No other segment of heat treating has seen more changes in
technology than data-acquisition (DAQ) systems. While the investment in a new
data-acquisition system can seem quite high, the benefits and return on the
investment can happen quickly if the use is maximized.
Control-room instrumentation has come a long way from the days of drag pens on paper chart recorders and manually tuning temperature loops with trim pots. Most of these instruments were large and heavy steel-cased units that performed adequately for that time. Actually, some of these instruments may still be in use in some facilities if they have been well taken care of.
For many years, single-spot radiation thermometers (sometimes called pyrometers) have been widely used in the steel industry. They have many advantages compared to contact devices like thermocouples. They can be positioned at a distance to “look” at the process and measure the infrared radiation that is emitted by the target object. In this way, they can operate out of harm’s way. Because they don’t touch the surface, they can accurately measure fast-moving objects like steel strip, whereas a thermocouple would suffer from a frictional effect on the measurement.
Companies that manufacture parts for
the automotive industry have to produce products that have very high quality.
There can be no defective parts delivered to the factory, and, of course, the
automotive companies want the lowest price, fastest delivery and a record of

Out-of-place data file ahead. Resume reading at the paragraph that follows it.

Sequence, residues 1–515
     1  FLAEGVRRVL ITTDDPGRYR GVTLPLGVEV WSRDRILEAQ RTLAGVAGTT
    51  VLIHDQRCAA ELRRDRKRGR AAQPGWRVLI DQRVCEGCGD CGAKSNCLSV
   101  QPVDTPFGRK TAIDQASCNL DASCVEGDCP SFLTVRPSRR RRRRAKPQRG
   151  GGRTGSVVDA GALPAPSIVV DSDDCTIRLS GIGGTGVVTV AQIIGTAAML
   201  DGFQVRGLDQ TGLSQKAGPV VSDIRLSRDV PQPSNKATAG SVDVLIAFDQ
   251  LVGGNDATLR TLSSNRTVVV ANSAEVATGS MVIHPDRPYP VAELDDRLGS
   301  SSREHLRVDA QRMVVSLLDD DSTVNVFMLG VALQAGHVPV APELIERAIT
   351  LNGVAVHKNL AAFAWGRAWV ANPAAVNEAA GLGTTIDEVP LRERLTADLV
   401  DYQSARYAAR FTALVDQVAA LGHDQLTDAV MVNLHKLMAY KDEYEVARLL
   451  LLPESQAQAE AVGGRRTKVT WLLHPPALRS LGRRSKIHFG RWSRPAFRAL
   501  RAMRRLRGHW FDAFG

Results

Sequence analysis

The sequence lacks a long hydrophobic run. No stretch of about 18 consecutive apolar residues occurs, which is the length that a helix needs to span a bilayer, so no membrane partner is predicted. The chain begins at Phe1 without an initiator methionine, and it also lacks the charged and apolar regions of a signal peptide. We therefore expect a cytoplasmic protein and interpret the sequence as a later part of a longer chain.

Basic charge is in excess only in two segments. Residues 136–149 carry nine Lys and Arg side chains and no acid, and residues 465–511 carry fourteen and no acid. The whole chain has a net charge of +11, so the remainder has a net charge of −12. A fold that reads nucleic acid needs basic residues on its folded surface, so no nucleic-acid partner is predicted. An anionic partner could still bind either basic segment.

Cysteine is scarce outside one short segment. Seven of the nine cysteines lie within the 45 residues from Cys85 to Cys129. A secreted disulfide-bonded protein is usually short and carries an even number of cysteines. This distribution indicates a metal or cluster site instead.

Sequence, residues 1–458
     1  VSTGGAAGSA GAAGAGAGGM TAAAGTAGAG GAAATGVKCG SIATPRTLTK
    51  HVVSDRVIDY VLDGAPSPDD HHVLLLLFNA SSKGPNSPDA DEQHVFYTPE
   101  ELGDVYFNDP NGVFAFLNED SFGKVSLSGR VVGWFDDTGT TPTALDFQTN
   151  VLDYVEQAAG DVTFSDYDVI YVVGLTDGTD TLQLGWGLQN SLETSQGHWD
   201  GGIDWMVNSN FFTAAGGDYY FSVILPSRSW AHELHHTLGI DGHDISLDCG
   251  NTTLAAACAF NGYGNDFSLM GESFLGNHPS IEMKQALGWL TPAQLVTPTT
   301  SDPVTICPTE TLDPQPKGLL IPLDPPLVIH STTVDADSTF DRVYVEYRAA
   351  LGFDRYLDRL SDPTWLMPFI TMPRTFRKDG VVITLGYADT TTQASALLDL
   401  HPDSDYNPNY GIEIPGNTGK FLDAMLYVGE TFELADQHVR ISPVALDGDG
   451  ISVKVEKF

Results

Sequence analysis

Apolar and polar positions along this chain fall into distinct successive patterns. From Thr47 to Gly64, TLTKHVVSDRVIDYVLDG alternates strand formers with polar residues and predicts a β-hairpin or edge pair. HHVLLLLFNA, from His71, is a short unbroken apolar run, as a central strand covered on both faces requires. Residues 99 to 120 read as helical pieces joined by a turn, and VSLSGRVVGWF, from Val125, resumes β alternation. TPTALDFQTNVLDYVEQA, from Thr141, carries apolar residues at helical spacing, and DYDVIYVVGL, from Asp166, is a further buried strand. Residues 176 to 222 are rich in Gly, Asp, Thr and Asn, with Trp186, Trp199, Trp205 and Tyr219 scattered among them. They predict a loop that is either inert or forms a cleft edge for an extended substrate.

the quality tests.
Obtaining accurate temperature
readings in a high-temperature application is difficult. Thermocouples and
pyrometers have advantages and disadvantages. This article will address the use
of pyrometers in applications where the need for accurate and precise thermometry
We have a pretty good idea of what will happen to steel
parts if exposed to a defined atmosphere at a given temperature. In order to
determine the process parameters, we can use the well-known Lehrer Diagram for
a nitriding process, or we might use one of the various Fe-N-C phase diagrams
for a nitrocarburizing process.
vacuum furnaces are set up such that the power input to the furnace and thus
the temperature in the furnace is controlled by one thermocouple. Does that
mean the temperature in the entire furnace is what the thermocouple is reading?
Check out the May 2020 issue of Industrial Heating, which features "Automotive and COVID-19: Radiators to Respirators, "Developments of Plasma Processing in Surface-Treating Technology", and much more.